Kidney March, is going ahead in an exciting new format for 2020, keeping in theme with their annual motto “Failure is Not an Option.”
This will be the 11th year for the three-day, 100-kilometre event held every September in the Calgary area and foothills of the Rocky Mountains.
Kidney March organizers knew this year was going to look very different.
Marchers will still walk 100 kilometres and raise the minimum $2,200 in the battle against kidney disease and for organ donation but will unite virtually from across Canada.
The 500+ participants in this year’s march will complete Kidney March in their own communities.
They will start by walking 70 kilometres between August 10 and September 10. Then they will connect virtually over the final three days of Kidney March, September 11 – 13, to walk 10 kilometres per day and complete the remaining 30 kilometres of their 100-kilometre journey.
“For the safety of our participants, we knew big changes would be necessary. Many of our participants are high-risk or family members of those most vulnerable. We also knew we could not let our community down by postponing or cancelling our event. For most participants, it is a year-long commitment to training and fundraising. It is more than a walk, Kidney March means so much to so many, it’s a community of support,” says Laura Fleming, Manager of Kidney March and Signature Events, The Kidney Foundation of Canada (Southern Alberta Branch). “We are thrilled by the number of people who continue to register every day. The support from across Canada is truly phenomenal.”
Marchers are drawn together because their lives have been impacted by kidney disease. Those living with kidney disease, friends, family and healthcare heroes rally together for this cause. Some also join who are not connected to kidney disease but simply want to do something meaningful, make a difference and challenge themselves.
One in 10 Canadians has kidney disease or is at risk, and the scariest part is most don’t know it. A person can lose up to 80 per cent kidney function without symptoms.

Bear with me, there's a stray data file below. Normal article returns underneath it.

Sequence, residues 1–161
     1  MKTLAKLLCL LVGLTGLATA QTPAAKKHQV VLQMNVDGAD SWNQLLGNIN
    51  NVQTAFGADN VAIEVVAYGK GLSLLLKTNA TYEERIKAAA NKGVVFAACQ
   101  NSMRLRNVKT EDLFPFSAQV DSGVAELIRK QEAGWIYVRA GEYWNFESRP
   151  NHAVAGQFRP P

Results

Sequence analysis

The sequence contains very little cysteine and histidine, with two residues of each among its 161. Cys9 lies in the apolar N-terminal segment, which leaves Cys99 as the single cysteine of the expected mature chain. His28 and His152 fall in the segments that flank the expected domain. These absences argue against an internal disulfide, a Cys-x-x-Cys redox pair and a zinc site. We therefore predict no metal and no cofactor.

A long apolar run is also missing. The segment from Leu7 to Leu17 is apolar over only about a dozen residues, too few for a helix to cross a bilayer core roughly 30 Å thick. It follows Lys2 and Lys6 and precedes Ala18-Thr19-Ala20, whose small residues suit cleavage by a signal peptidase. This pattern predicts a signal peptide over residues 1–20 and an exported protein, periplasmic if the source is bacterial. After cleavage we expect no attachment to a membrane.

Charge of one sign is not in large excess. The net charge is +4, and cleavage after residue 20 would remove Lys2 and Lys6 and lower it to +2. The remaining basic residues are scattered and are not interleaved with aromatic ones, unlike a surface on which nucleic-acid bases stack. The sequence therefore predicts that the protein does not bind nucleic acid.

Every day 15 people learn their kidneys have failed, and they will need either dialysis or a kidney transplant to survive.
There is no cure for kidney disease, both dialysis and transplants are a form of life support. Seventy-eight per cent of Canadians waiting for an organ transplant are waiting for a kidney.
Wait times average four years, and many have died waiting.
That is why organ donation is such a vital part of the Kidney Foundation’s work.
Kidney disease is not only devastating physically and emotionally; it also comes with a huge financial burden.
Before the pandemic, requests for assistance were already greater than the funds available. The Kidney Foundation knows the need will only increase over the coming months.
“With growing economic, psychological, and health-related stresses impacting our kidney community, we need to continue Kidney March. People are counting on us. The funds raised will improve lives, there’s no question about that,” says Joyce Van Deurzen, Executive Director, The Kidney Foundation of Canada (Southern Alberta Branch).
Every year Kidney March makes a huge impact.
Last year the March raised over $1.4 million for The Kidney Foundation of Canada.
The money raised supports kidney disease prevention, lifesaving research, patient support programs, health education, and organ donation initiatives. A significant portion of the funds raised goes towards Canadian research projects, which are vital to the development of improved treatments and a cure.
The true impact of Kidney March, however, is beyond the numbers, it’s made up of every participant’s powerful story and the incredible impact it has on the lives of Canadians living with kidney disease.
Learn more and be inspired to register or donate at KidneyMarch.ca